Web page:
George explained: “There has not been a road here for 10 years but as it has not been declassified as a road, the council have stated it is ‘technically’ still a road.
“Previously I have put on a lot of street entertainment, but now the council is threatening to remove my licence permanently if I put anything up at all which is ‘blocking the road – a road that doesn’t exist’. All it would take is the council to remove one line in the lease, but it won’t – despite central government instructing councils to take a pragmatic approach to the reopening of hospitality.
“The rest of the country, such as Soho in London and areas in Bristol, are closing roads and finding ways to allow businesses to trade. However, both councils are trying to stop it so we will be effectively shut in anything other than perfect weather when the rest of the country is trading. How is that fair?
“We are one of the biggest hit industries by the pandemic and the government support has been first class. We want our town to be encouraging people to come out in a safe environment they want to sit in, but we are unable to provide that because of bureaucracy, and nobody willing to make a decision.
“Customers will quite rightly go to venues which can provide shelter from the elements on their own private land instead.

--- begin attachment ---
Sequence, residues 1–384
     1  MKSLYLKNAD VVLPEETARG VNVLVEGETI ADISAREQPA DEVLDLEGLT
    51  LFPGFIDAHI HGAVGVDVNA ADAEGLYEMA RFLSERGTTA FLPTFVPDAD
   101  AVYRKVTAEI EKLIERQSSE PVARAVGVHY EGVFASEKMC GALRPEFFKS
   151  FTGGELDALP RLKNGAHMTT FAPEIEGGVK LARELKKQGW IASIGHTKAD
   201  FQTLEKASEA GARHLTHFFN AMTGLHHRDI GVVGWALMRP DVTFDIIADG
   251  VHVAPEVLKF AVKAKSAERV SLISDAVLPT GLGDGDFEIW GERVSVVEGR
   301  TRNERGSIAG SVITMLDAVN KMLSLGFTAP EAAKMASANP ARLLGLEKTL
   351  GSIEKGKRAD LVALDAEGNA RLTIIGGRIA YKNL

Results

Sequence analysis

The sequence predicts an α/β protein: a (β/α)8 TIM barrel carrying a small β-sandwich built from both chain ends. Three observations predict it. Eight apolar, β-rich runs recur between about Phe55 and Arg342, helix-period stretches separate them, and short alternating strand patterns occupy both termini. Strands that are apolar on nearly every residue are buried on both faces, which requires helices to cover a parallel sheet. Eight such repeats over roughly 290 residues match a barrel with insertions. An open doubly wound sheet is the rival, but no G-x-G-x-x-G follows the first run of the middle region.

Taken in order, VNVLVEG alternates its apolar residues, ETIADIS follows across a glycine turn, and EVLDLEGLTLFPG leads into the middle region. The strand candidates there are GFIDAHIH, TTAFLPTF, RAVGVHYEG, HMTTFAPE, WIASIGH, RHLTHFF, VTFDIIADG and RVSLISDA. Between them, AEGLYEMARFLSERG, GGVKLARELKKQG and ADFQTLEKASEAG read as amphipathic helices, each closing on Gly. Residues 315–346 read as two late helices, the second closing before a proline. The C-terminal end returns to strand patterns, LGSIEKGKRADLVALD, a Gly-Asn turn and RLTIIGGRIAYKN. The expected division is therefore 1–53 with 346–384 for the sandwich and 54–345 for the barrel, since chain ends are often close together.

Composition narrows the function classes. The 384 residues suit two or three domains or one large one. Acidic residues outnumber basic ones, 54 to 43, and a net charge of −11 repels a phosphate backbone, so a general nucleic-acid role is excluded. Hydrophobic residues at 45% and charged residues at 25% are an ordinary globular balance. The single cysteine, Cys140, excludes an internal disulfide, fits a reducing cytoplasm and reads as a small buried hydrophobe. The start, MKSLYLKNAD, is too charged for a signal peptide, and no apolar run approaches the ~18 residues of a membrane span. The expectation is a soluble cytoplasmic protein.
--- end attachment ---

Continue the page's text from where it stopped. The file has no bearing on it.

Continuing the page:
“Exmouth has a great opportunity to welcome visitors not going abroad and to provide a quality environment that will make them return in the future.
“How can this region and town centre that was purpose built for this be so left behind because of the unnecessary bureaucracy at a time when businesses and the region itself need it the most, and the council’s own remit is to support businesses?”
Calls are being made by local independent councillor Paul Millar to allow businesses in the town to be able to keep up outdoor coverings to enable them to reopen.
He said: “I am really concerned that some of Exmouth’s pubs and restaurants on the Strand, and elsewhere across East Devon, are being faced with the situation of not being able to open on 12th April after they have done so much to keep their customers safe.
“In my view, outdoor coverings such as gazebos and marquees shouldn’t be classified as furniture, the Secretary of State Robert Jenrick needs to make this matter clear to EDDC and DCC which has a legal duty to follow to the letter and the spirit guidance set by central government.